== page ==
Heritage At Risk 2020 register for Yorkshire dominated by ancient mounds and long barrows due to lockdown surveying restrictions

Ancient barrows and the declining ruins of a lead smelt mill in Yorkshire are among the nation’s treasured historic sites now at risk of being lost forever.

Historic England’s annual heritage register details a mixed picture of ageing industrial ruin and countryside settings overtaken by brambles amid the relentless toll of nature’s claim.

Across Yorkshire 16 sites have this year been saved, from a 17th century corn mill to a medieval path and a Bronze Age barrow, even as nine more are revealed to be under threat.

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Countryside settings dominate today’s Heritage at Risk Register with a focus on sites which could be safely seen, in determining a health check of England’s most valued historic places.

Heritage at Risk 2020. Willy Howe barrow, Wold Newton Road, Burton Fleming, Driffield, Yorkshire. Image: Historic England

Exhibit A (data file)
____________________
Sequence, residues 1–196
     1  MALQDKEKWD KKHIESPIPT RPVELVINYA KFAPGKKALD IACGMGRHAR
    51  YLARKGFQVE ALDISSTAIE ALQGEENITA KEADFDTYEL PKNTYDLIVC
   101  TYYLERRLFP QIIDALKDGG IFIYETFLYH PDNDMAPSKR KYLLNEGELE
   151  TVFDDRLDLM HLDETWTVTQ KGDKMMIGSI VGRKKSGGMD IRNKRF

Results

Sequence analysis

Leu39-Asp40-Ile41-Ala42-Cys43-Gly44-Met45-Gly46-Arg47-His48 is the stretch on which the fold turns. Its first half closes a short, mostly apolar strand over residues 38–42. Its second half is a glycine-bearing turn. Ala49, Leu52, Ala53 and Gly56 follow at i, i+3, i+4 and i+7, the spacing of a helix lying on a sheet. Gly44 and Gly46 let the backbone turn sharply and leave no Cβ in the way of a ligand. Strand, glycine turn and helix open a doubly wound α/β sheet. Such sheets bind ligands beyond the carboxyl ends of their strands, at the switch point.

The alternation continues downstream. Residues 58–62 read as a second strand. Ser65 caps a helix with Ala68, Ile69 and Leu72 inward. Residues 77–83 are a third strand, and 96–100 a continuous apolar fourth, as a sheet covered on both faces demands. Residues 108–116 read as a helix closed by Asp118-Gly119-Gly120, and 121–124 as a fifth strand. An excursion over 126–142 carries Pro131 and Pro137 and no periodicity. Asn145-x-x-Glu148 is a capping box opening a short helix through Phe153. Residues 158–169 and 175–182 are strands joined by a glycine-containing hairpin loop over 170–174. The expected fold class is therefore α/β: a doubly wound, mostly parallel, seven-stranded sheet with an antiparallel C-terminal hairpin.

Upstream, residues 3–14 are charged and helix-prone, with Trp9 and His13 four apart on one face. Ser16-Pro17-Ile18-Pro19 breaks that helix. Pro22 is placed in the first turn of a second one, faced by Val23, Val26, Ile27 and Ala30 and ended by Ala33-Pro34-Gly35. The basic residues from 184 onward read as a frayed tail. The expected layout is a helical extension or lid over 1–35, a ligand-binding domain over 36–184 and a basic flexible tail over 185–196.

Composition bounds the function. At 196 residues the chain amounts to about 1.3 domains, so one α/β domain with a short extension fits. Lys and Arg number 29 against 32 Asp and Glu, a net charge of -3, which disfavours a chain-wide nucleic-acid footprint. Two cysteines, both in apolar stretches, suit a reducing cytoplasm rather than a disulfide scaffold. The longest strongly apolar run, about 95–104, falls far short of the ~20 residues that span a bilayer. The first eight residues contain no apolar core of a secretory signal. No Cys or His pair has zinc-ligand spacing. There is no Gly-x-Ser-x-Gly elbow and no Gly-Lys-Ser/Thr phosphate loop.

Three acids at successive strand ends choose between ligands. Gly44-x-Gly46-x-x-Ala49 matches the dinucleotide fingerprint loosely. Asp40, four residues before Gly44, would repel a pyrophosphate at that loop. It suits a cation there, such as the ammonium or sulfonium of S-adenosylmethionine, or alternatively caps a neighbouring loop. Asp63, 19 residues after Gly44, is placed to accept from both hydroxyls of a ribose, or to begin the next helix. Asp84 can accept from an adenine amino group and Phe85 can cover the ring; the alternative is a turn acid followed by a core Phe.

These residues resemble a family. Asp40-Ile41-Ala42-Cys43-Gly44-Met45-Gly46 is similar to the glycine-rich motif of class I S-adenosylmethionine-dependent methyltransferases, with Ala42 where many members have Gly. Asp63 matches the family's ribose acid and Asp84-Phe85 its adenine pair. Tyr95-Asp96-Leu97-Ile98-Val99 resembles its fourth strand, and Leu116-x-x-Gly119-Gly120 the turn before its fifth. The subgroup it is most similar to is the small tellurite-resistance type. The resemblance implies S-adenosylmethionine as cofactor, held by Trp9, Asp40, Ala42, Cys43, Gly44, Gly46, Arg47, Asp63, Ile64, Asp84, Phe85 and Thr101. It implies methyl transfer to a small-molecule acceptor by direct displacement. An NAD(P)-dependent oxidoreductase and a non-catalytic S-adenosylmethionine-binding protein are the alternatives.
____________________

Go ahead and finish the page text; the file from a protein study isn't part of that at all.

Heritage at Risk 2020. Willy Howe barrow, Wold Newton Road, Burton Fleming, Driffield, Yorkshire. Image: Historic England

Progress is being made, Historic England has said, but there is still a “long way to go” to ensuring a brighter future.

“It is the varied tapestry of our historic places in Yorkshire that helps us define who we are,” said Trevor Mitchell, regional director for the national body.

“In testing times such as these, heritage can give us a sense of continuity and bring us comfort.”

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Grant Frew from Great Broughton and Ingleby Greenhow Local History Group who was tenacious in getting this section of trackway protected from motorised transport. The site has been removed from the Register this year. Image: Historic England

There are now 564 settings in Yorkshire on the Risk Register, including 110 buildings or scheduled monuments, 60 places of worship, two battlefields and 53 conservation areas.

Adding sites to the list can help local authorities and communities with pursuing conservation work to restore threatened heritage.

Newly added are round barrows at Ryedale’s Hawnby and Scarborough’s Wykeham, alongside Roppa South Cross at Helmsley and a medieval dyke at Stainton Dale.